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Posts Tagged ‘bank

A catalog of this year’s risky articles #2010

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Programming Hands

Risk is something which can be difficult to evaluate for the average person, there is a lot of work which goes in to learning not to do the two things that people usually do when they are confronted with risk:

  1. Ignore
  2. Overreact

It looks like every man and his dog needs to have a Facebook page, even banks…

It has been almost 1.5 weeks since Google’s FeedBurner removed the Frie…

Some days ago I tweeted to Prosper, a personal loan marketplace, whether they…

I don’t really think most people get “it” when it comes to …

Just noticed that Google Translate translates the name of the Dutch social ne…

I find a 400 plus page manual of office policies and job descriptions for eac…

In the last two days I’ve not been posting so much, and focussing on up…

I started playing with Google Scribe and wanted to see if patterns emerged so…

I have my Google account set up with English as the preferred language, my br…

For the last 2 years LinkedIn has been running a bad poor IT management depar…

When I just started I too had trouble with getting all the items I required t…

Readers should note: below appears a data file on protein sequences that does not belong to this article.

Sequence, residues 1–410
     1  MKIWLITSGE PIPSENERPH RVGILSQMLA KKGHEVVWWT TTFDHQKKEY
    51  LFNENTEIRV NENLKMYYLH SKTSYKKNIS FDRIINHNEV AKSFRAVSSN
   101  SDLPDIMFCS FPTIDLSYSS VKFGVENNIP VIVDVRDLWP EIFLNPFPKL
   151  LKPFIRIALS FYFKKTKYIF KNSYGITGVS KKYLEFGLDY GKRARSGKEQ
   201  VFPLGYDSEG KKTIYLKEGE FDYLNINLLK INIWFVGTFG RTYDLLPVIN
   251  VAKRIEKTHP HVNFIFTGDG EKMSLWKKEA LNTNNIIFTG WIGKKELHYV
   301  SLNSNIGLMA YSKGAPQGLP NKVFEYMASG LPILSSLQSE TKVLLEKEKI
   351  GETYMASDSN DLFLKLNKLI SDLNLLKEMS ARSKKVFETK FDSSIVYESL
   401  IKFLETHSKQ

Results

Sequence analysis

On August 11th 2007 I exceeded my GMail quota, I blogged about it here. At th…

Brian Szymanski send a reply to me concerning another bank implementing SMS b…

I don’t understand why url expansion after url shortening is such an is…

I just read an article Web Coupons Know Lots About You, and They Tell in the …

This morning/night China’s networks were sending rerouting messages to …

The lack of trained and experienced computer security people working in small…

Last week I saw an episode of a popular Dutch Ombudsman program Kassa, they r…

After seeing a program about a lifecoach trying to find the time to get his p…

Image source Radio Nederland Wereldomroep

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This year’s articles about programming #2010

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Programming Hands

In 2010 I was less focussed on programming articles on the blog than previous years, still I have managed to create some interesting articles with code in 2010. This is an overview of the activity:

Having some fun today with QR codes, JavaScript and the Google Analytics URL …

The only questions that are asked in the Daily Scrum, aka Stand-Up, are: What…

UPDATE: GMail has introduced my number 3. YEAH! (Gmail introduces Priority In…

I like YouTube, and often subscribe to new channels and unsubscribe after a w…

Since I started working for my company I’ve been exposed to PCI DSS (Pa…

I don’t understand why url expansion after url shortening is such an is…

VeriSign – Personal Identity Portal is a OpenID provider with multiple …

Image source D’Arcy Norman

PCI is nice (or what I do) #pcidss

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Since I started working for my company I’ve been exposed to (Payment Card Industry Data Security Standard), “It was developed by the major credit card companies as a guideline to help organizations that process card payments prevent credit card fraud, hacking and various other security issues.1 There are only a small amount of requirements that need to be implemented, although these can be pretty substantial for some customers. I can also be difficult to understand the details of these 12 requirements for compliance.2